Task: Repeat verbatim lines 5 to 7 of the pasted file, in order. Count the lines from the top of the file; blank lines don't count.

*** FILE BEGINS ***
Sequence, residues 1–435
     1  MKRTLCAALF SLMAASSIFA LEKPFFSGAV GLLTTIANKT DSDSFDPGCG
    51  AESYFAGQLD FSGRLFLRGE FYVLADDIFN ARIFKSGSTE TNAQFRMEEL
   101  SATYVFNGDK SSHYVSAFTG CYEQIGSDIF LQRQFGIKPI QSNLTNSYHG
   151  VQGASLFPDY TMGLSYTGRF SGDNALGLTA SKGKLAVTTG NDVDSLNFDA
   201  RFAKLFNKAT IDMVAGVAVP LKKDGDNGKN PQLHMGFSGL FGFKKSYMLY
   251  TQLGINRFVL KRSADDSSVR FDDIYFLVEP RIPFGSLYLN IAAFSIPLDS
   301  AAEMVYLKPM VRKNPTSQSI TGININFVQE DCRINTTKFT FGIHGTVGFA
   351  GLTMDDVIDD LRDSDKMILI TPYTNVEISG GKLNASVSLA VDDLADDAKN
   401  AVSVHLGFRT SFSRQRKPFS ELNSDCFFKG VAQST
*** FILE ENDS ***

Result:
   151  VQGASLFPDY TMGLSYTGRF SGDNALGLTA SKGKLAVTTG NDVDSLNFDA
   201  RFAKLFNKAT IDMVAGVAVP LKKDGDNGKN PQLHMGFSGL FGFKKSYMLY
   251  TQLGINRFVL KRSADDSSVR FDDIYFLVEP RIPFGSLYLN IAAFSIPLDS